Uncle Jack’s point is spot on with the ethos of Everyday Ambassador: when we’re faced with people with views that disrespect and mistreat others, we can either run away from them, and refuse to associate with them. Or we can stick around, we can use our relationship with them as a path inward, to try and open their minds, change their thinking, correct their misconceptions. It says that the path to reconciliation and human decency requires discourse and discussion, rather than running away from different opinions.
But as technological advancements have shown us, the cell phone (now just known as a phone, really. Think about it) has become so much more than just phone calls and person-to-person messaging. Mix that together with our newfound penchant for filling empty gaps of time with screen time and you’ve got yourself some distracted driving, my friend!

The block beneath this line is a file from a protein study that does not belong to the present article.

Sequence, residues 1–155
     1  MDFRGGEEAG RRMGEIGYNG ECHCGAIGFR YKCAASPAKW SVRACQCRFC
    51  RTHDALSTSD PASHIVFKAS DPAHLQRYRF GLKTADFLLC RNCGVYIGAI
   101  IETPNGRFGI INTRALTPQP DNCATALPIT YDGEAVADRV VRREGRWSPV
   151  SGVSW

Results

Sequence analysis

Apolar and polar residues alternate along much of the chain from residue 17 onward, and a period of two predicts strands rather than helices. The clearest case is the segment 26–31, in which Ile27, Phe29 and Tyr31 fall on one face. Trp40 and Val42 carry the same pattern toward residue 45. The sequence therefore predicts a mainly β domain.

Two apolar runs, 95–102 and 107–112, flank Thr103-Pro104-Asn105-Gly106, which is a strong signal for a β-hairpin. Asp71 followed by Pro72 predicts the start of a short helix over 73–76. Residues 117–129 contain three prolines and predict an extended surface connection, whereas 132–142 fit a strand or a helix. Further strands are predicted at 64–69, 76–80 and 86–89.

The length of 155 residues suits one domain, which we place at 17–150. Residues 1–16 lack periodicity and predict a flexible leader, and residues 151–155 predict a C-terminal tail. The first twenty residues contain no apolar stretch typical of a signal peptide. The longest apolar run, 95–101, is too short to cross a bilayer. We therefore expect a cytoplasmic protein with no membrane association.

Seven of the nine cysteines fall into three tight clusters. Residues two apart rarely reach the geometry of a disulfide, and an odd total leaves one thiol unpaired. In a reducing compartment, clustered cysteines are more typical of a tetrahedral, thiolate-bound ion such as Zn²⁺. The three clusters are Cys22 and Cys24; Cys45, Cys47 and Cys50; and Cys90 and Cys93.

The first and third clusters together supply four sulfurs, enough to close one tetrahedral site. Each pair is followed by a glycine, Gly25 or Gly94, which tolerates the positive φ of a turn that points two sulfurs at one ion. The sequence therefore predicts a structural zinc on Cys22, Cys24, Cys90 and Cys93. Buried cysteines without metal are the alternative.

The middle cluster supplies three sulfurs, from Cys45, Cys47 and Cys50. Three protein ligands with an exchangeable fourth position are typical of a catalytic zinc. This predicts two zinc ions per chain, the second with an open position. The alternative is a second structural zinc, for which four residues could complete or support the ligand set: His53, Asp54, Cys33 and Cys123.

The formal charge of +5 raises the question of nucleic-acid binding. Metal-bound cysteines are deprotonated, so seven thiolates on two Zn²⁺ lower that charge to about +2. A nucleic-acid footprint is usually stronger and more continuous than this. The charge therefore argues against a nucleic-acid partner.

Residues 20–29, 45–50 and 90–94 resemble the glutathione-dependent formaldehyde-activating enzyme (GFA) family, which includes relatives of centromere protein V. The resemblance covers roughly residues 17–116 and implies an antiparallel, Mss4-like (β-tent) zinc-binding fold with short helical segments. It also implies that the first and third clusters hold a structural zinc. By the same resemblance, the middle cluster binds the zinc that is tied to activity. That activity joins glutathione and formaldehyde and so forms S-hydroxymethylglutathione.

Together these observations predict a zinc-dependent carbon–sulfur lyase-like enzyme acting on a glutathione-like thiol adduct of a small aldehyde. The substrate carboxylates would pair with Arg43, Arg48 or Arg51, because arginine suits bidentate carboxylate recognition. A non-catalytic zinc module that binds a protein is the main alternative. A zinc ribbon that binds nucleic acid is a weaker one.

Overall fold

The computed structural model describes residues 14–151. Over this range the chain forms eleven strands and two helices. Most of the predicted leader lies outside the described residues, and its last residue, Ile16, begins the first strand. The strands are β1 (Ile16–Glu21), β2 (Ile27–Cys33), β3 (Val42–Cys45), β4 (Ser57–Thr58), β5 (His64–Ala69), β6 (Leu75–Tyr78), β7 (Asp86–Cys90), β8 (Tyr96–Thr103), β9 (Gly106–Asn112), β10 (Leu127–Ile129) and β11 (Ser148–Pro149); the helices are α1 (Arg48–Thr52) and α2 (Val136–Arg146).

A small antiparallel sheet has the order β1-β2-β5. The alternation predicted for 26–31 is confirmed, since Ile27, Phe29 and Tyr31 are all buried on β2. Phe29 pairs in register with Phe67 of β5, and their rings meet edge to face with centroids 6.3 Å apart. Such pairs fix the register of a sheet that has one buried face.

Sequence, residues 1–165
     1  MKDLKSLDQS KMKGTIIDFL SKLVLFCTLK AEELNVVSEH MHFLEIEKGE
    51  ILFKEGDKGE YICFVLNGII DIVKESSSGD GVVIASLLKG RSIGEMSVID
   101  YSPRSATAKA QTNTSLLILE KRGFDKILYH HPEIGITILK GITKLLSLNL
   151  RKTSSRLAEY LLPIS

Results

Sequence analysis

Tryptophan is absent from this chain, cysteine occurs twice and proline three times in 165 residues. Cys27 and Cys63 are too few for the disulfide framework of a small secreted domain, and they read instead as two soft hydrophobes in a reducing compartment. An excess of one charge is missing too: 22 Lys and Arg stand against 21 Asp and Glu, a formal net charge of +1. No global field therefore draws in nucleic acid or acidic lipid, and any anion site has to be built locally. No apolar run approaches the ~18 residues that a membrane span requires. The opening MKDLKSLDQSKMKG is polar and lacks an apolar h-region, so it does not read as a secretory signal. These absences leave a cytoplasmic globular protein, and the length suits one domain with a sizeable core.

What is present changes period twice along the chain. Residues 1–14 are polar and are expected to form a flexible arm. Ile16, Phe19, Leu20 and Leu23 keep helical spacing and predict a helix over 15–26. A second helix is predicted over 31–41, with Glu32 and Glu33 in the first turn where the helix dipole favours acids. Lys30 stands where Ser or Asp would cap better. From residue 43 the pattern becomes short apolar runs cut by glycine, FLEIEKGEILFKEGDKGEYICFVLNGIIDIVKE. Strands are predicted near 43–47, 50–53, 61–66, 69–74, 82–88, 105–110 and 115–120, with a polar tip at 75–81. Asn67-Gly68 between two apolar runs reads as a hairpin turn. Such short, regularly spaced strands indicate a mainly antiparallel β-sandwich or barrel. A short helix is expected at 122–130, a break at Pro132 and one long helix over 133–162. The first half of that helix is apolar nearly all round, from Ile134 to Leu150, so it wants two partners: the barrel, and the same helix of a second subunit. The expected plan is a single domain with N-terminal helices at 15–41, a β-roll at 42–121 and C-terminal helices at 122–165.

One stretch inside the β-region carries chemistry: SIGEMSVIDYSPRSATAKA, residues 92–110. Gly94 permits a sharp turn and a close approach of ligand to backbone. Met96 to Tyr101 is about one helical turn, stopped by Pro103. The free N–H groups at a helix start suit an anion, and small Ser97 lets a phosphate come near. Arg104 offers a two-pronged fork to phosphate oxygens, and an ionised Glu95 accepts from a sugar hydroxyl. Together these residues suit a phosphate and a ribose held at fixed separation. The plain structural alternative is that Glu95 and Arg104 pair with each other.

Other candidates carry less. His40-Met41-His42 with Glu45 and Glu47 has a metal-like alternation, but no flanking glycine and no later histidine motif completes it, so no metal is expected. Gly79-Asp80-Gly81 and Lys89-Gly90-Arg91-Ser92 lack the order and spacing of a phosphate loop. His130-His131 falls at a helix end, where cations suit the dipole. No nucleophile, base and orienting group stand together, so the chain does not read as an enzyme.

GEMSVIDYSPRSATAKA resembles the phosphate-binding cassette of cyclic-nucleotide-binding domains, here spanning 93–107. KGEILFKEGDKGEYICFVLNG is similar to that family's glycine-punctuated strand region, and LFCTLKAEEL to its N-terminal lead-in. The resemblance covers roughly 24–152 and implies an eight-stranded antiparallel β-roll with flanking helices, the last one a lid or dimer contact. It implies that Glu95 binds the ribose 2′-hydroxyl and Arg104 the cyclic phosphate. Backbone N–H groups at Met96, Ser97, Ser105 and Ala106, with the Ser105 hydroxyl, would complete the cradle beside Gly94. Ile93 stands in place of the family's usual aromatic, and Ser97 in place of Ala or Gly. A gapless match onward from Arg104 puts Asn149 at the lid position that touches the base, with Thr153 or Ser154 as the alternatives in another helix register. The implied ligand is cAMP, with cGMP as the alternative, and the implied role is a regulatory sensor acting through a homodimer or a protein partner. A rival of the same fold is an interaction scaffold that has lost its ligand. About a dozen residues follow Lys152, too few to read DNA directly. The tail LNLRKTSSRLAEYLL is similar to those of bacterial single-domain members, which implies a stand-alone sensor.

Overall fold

Today’s post comes from Rob Handerhan from our partner organization, America’s Unofficial Ambassadors. Rob is a rising senior History major at The College of New Jersey (TCNJ) with a specialization in the History of the Islamic World and minors in Arabic and Central Eurasian Studies. This summer, as one of America’s Unoffical Ambassadors to Tajikistan, […]
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